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Beyond The Gap: Placing Biodiversity Finance in the Global Economy

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  • Patrick Bigger
  • Jens Christiansen
  • Jessica Dempsey
  • DiSilvestro DiSilvestro
  • Audrey Irvine-Broque
  • Sara Nelson
  • Fernanda Rojas-Marchini
  • Andrew Schuldt
  • Elizabeth Shapiro-Garza
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Abstract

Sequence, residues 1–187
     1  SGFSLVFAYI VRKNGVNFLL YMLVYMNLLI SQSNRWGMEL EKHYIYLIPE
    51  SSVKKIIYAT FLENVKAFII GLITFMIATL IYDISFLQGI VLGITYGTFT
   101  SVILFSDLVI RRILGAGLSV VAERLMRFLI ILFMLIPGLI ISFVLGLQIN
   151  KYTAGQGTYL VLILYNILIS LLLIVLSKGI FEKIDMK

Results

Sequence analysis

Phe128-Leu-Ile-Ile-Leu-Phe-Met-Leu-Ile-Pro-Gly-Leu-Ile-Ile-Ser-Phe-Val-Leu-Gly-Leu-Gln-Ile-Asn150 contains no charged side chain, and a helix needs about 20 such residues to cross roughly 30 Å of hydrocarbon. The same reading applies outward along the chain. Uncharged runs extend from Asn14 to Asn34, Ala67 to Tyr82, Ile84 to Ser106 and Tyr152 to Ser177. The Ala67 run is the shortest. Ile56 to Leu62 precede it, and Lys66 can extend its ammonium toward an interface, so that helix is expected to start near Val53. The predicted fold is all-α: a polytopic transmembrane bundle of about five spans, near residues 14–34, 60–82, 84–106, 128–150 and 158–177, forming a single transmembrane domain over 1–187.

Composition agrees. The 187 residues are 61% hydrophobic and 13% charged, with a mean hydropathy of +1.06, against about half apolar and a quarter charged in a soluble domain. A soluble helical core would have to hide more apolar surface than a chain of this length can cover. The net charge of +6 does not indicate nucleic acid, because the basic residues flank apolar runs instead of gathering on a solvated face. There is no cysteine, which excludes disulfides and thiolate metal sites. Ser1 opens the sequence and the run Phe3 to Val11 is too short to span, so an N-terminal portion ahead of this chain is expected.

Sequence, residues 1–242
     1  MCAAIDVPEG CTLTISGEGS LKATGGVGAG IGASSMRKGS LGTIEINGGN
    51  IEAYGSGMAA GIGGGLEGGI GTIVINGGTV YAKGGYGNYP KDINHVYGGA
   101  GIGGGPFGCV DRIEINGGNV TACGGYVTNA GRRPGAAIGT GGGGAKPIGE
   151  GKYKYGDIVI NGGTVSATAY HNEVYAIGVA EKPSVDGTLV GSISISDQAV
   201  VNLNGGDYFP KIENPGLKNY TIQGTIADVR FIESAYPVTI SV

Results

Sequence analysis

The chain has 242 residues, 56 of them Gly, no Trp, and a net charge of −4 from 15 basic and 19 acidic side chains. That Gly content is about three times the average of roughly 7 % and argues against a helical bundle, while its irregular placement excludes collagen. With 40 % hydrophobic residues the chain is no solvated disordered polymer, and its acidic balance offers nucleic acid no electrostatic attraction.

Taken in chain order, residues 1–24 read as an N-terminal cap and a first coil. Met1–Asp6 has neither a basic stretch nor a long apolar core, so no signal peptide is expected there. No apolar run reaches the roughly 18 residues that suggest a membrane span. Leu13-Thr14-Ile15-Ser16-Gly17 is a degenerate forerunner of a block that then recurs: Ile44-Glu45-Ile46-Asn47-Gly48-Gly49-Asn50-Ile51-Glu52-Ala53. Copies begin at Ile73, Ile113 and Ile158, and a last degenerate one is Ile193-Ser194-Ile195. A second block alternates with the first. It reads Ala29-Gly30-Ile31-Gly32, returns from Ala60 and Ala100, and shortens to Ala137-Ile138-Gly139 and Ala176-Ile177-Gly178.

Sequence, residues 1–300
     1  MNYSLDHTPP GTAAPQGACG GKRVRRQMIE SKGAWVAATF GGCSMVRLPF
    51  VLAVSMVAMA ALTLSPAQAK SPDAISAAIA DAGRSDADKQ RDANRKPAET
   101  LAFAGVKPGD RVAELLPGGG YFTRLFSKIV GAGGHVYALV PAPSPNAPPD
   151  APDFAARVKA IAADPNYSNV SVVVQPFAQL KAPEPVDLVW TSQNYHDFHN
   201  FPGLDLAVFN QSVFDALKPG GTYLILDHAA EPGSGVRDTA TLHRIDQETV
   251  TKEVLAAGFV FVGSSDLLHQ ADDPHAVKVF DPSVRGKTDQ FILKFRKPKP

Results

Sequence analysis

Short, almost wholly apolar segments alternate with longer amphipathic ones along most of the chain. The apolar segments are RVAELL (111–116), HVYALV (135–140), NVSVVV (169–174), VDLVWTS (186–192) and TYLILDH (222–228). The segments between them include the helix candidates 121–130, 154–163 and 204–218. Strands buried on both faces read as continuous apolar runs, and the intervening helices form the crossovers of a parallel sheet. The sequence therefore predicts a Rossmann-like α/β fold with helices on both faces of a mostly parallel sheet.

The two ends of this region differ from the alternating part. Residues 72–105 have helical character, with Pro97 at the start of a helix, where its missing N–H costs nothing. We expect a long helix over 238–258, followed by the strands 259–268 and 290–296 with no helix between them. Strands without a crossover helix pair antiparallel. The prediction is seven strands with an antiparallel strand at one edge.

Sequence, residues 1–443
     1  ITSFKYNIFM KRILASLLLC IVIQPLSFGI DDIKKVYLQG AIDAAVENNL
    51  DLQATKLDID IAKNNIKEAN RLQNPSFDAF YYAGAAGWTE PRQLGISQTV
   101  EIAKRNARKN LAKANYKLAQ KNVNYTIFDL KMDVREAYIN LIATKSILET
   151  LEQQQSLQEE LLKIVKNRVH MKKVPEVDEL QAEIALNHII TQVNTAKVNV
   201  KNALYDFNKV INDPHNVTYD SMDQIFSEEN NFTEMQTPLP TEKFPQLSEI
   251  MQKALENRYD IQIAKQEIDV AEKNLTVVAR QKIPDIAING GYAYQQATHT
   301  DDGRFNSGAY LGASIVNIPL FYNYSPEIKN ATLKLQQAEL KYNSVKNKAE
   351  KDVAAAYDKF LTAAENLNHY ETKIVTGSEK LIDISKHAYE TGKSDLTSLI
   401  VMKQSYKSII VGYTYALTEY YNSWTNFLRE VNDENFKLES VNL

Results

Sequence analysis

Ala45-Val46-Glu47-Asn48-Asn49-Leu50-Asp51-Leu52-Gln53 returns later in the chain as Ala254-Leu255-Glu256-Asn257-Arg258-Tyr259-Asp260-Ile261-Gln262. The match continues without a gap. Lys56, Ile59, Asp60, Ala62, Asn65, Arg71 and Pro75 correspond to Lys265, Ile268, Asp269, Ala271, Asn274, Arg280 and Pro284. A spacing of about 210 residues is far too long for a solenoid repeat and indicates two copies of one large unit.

Governments and conservation organisations often point to a large gap between existing financial resources and the resources needed to achieve biodiversity objectives. But the gap is almost always presented without context, as though biodiversity loss will be resolved through increased funding alone. To illuminate crucial pathways for transformative change, this report examines the political and economic dimensions of biodiversity loss. “Beyond the gap: placing biodiversity finance in the global economy” addresses two questions: how does the organization of the global economy drive biodiversity loss, and how has existing biodiversity finance performed? Trade, investment and financial regulation (or lack thereof), global economic pressures that push biodiverse countries into debt, and inequality across racialized, gender, class and colonial lines, all drive biodiversity loss and require urgent attention. Instead of transformation, a series of voluntary measures and market-based mechanisms such as payments for ecosystem services or blended finance schemes have been presented as tools to span the resource gap. This report shows that these efforts are marginal at best, and, at worst, entrench the power of rich world governments and non-state institutions like banks, large international NGOs, and supranationals. It is apparent that we must move “beyond the gap”. Only by placing biodiversity loss in the global economy will it be possible to realize transformative, inclusive and equitable change. The authors offer concrete recommendations for negotiators, civil society organizations, and activist groups to push questions of biodiversity finance beyond the gap.